I would like to make a public apology, and in doing so maybe stop you from making the same mistake…
While I still feel somewhat like instructors are being lined up as the first line of scapegoats in a thankless and impossible fight against post-COVID test waiting lists, that we are singlehandedly facing the brunt of unhappy pupils and parents who are at best unable to get a test and at worse have to retake the theory test after certificates have expired. This apparent finger-pointing started with the statement in lockdown that ADIs collectively can’t judge test readiness, despite the practical pass-rate being similar to other countries whatever the system. In spite of this, I have to admit that in the following case I was wrong.
I, like so many of my colleagues, received a DVSA broadcast referring to ‘The top 10 reasons people fail their driving test’. I am well know for my non-test focussed beliefs when it comes to driver training. I regularly point out the difference between DVSA symptomatic assessment (The DL25 faults) and solution-based causation fixing (why was there a fault) that myself and my ADI colleagues offer. When I saw the email I rolled my eyes, preempting the increase in focus on this top 10 list as gospel as well as the problems created by it. Like those of the mythical ‘hill starts’ that breathing life into them cause people to struggle and potentially fail. Equally, I try to be goals focused wherever possible. Identifying outcomes and opportunities for learning to occur over fault identification and focus.
I mustered the strength to click the link and bolstered myself against the frustration I was going to feel.
“Top 10 reasons for failing the driving test in Great Britain”
You can use this guide with your driving instructor and supervising driver to practise these skills. You can also:
ask your driving instructor to keep a record of your driving lessons so you know how well your skills have developed in important areas
keep a record of the private driving practice you do with family or friends, so you can show it to your driving instructor
If you regularly make any of the mistakes explained in this guide during your driving lessons, you’re not ready to take and pass your driving test.
……. Ok, that looks positive…. I read on…
Not making effective observations at junctions
make effective observations before moving into a new road
make sure it is safe before proceeding
Any mistakes you make in this area will be counted under the ‘Junctions - Observations’ fault on your driving test result.
Failing to judge the speed of an approaching vehicle
When you turn either left or right from a minor road, you make observations but fail to judge the speed of the approaching vehicle. You move off, forcing the vehicle to slow significantly.
Entering a roundabout with a vehicle approaching from the right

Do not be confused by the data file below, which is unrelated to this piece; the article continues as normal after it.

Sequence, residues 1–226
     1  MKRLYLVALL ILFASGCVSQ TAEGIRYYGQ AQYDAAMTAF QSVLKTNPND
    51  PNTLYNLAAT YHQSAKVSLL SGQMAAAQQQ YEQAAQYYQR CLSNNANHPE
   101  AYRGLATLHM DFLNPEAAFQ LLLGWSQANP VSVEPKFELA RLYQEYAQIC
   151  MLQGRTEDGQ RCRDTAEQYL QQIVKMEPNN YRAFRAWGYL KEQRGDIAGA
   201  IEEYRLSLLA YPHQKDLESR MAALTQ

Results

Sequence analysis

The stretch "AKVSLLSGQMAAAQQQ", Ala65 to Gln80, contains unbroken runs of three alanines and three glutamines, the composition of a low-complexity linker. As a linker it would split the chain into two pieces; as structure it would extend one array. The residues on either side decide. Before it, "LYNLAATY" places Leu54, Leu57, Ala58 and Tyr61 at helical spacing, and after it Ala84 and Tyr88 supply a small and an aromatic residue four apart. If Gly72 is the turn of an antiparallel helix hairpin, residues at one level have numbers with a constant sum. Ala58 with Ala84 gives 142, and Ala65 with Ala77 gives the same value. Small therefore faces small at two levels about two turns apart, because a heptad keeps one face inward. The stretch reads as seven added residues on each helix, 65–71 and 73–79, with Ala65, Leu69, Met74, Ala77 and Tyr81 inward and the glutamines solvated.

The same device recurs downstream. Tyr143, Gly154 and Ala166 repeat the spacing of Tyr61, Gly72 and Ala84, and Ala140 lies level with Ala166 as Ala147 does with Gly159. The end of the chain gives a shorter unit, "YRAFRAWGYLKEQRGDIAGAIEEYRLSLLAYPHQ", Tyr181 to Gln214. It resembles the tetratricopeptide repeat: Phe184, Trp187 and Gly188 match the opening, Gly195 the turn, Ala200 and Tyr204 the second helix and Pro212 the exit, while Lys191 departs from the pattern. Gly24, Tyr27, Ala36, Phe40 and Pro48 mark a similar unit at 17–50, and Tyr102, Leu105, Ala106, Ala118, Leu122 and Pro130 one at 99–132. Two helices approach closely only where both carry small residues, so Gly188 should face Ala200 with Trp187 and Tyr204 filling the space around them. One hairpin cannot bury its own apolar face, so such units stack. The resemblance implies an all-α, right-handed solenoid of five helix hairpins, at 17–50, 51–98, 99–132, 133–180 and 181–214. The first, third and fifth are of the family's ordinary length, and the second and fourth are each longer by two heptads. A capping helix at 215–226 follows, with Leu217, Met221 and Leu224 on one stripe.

When you approach a roundabout, there’s a vehicle approaching from the right. You still enter the roundabout, causing the vehicle approaching to slow down.
Making no effective observations at all
When you emerge from a junction, you make no effective observations at all. This causes:
a vehicle approaching from either the left or right to do an emergency stop to avoid hitting you the driving examiner using the dual controls to brake
Making no observations when joining a dual carriageway from a slip road
When you’re on a slip road to join a dual carriageway, you enter the dual carriageway without making any observations, or you do not give way to the traffic on the main carriageway.
Going straight ahead at a crossroads
When you approach a crossroads, you do not recognise that it’s a junction. You emerge and cross the crossroads without making any observations to the right or left.
Looking too late
When you emerge from a junction, you look too late (either left or right) for the observations to be effective, as you’re already partly into the next road.
Repeatedly not looking left when turning left
Throughout the test, when you turn left from a minor road into a busier road, you do not make any effective observations to the left. This means you’re unaware of any parked vehicles, obstructions or other possible hazards.
What more can we ask in such an article? Food for positive lesson content and focus. Tools to help the pupils identify their own readiness and written in reasonably clear English. Or am I missing something? If I am PLEASE comment and let us know.
When faced with constant threats for a prolonged period of time, as we have been during COVID, it is common for people to develop hypervigilance and respond instinctively to perceived threats. Ironically this perceived issue is one that affects candidates on the test! So it is easy to start making negative choices. We hope that rather than a time of threat and reactivity, we can help you in being proactive and adaptive.
Admittedly ‘The top 10 real reasons’ didn’t address:
- For listening to an unqualified individual's bad advice.
- Experiencing a negative response to external pressures including financial, time, peer pressure, personal pressures or examiners attitude.
- The driving attitudes of other road users, particularly towards learner drivers.
- Being told that they failed for the symptomatic fault recorded by the DVSA and not the causal fault that actually occurred.
- Self-belief, confidence and understanding.
- Having received poor habit-forming training that cannot be fixed in a couple of hours before the test.
but they have provided some very useful diagnostic tools to support your position. Meaning that ‘Because I say so’ isn’t the final line, the DVSA says so too.
The Driving Instructor and Trainers Collective
Do you have some 'real reasons’ to add to the list?
Or do you think Chris has missed something in his revelations?
If you haven't read the article you can find it here
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